Study Finds Pets Can Be as Much of a Distraction for Drivers as Texting

A study released last week by AAA seems certain to add to the debate surrounding distracted driving in Oregon and elsewhere around the nation. According to the survey, as reported by the Chicago Tribune, two out of every three dog owners “said they routinely drive while petting or playing with their dogs.”
Need I mention that this is not a very safe practice?

In fact, according to Fox News (reporting on the same AAA study), an unrestrained animal in a moving car poses the same degree of distracted driving danger as texting. Texting while driving is, of course, illegal in Oregon and a growing number of other states. That is somewhat ironic since, as the Tribune notes, “there are no state laws requiring drivers to buckle up their pets or prohibiting them from holding animals on their laps.” The paper quotes a AAA spokeswoman saying the auto club considers this situation “an increasingly big problem.”
It should be said that the mere fact that no law requires a driver to restrain his dog does not exempt motorists from driving safely and responsibly. A driver who hits you because they were distracted by a dog in the car may not, technically speaking, have broken Oregon’s distracted driving law, but that does not give them a pass on what would otherwise be considered reckless or negligent driving.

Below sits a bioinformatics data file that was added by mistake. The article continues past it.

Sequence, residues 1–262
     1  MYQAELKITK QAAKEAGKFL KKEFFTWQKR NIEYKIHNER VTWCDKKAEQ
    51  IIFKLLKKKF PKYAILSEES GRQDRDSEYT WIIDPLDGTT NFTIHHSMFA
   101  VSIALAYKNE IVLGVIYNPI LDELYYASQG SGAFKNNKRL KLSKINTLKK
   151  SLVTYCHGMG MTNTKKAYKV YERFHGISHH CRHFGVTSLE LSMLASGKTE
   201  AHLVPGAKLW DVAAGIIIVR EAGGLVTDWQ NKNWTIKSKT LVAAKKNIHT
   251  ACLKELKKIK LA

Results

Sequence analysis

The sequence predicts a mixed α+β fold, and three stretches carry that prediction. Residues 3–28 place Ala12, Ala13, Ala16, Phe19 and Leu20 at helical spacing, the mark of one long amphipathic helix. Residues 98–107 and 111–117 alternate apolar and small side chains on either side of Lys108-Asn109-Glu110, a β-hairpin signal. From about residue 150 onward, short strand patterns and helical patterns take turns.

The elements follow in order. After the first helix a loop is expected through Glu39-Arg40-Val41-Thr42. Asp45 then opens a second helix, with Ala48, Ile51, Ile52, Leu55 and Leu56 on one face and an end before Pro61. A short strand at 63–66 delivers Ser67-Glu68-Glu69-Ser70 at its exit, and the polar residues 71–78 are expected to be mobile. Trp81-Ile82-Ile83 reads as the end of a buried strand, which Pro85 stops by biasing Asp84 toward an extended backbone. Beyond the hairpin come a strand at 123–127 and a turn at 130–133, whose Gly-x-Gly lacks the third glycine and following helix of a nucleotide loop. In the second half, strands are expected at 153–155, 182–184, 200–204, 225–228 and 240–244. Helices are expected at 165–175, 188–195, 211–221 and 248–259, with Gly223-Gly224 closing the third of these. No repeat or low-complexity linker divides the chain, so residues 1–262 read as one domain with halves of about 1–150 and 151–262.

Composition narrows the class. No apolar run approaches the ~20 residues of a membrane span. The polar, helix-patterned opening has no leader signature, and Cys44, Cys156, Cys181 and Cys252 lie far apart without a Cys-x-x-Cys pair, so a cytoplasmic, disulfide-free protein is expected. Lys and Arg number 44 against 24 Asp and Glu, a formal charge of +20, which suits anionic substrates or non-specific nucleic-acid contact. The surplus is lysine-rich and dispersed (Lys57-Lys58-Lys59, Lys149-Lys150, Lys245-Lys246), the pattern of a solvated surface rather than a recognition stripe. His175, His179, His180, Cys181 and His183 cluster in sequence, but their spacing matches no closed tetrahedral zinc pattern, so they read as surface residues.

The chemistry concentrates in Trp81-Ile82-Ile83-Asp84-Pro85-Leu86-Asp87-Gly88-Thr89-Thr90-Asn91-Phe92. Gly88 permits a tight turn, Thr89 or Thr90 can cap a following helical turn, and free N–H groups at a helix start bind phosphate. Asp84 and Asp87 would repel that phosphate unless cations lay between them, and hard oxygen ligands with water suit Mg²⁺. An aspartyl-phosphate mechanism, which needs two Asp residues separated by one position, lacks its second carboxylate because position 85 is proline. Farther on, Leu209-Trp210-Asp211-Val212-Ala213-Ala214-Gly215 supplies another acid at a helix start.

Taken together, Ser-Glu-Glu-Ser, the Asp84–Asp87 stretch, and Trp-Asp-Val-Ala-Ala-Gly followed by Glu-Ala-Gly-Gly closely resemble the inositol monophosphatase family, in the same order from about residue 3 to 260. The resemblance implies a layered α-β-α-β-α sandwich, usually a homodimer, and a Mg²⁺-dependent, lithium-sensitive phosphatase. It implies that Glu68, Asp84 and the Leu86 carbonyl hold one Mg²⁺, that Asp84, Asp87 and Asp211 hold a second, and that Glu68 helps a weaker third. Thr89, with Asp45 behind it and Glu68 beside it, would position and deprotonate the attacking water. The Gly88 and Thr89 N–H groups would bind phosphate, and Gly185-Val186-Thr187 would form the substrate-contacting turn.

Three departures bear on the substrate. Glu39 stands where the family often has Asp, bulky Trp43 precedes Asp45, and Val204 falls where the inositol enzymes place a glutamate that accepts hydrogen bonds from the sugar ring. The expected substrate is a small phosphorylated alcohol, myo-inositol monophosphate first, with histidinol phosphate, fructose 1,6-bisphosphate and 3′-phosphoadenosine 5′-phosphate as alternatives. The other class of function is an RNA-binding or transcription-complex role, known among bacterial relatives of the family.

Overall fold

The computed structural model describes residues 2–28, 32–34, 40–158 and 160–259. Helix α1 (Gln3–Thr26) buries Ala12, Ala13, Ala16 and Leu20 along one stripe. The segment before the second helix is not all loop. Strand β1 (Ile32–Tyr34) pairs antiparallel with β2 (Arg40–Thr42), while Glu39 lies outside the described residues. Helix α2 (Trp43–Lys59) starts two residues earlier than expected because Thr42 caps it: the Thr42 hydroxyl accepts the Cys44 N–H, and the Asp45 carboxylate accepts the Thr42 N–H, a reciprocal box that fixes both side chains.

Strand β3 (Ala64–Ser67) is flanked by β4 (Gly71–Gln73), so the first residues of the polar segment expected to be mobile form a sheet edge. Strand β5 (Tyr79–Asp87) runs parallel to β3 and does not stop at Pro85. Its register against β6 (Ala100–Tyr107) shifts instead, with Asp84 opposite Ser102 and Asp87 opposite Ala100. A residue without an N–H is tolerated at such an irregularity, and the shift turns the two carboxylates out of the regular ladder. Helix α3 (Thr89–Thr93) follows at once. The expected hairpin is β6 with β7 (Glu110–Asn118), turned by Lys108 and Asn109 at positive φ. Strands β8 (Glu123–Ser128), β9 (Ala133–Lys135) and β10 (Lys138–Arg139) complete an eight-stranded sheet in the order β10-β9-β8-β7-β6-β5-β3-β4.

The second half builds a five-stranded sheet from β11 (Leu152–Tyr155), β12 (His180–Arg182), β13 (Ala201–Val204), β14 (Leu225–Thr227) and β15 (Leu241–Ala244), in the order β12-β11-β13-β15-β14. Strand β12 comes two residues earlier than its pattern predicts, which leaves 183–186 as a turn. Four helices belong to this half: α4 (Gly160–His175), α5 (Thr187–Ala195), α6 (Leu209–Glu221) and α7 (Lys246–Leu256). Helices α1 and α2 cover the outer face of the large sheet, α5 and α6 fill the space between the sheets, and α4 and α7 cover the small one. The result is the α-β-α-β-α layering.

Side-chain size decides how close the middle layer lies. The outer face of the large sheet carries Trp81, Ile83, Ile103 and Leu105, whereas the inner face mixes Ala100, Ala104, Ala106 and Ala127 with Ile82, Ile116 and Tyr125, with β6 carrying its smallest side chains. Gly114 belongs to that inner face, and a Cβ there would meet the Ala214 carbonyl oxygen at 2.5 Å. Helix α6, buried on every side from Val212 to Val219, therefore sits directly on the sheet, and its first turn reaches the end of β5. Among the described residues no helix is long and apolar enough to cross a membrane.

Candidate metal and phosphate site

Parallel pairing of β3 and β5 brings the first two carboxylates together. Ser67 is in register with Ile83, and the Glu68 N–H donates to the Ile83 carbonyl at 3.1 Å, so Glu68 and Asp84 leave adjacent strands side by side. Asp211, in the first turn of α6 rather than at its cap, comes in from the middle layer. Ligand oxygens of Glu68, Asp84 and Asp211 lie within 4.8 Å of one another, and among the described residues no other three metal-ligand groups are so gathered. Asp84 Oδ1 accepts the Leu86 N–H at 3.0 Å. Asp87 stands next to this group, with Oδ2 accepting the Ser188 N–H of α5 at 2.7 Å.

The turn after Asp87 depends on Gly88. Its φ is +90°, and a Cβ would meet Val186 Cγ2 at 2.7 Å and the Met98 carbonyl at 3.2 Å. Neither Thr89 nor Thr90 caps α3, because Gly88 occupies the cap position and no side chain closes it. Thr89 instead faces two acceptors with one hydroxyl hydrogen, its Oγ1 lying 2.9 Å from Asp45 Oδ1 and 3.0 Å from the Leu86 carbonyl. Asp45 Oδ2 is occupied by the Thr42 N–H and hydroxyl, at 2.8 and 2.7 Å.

The Tribune, citing National Highway Traffic Safety Administration figures, reports that approximately 6000 people “died in crashes involving a distracted or inattentive driver in 2008 and more than 500,000 were injured.” If you have become the victim of such a crash or Oregon car accident you have rights, regardless of whether or not the Oregon distracted driving law comes into play. Prompt consultation with a Portland car crash lawyer is an essential first step toward protesting your rights in the wake of any Oregon auto accident.

Fox News: We’re driven to distraction when Fido is Co-Pilot, study finds

Chicago Tribune: Dogs distract drivers, AAA warns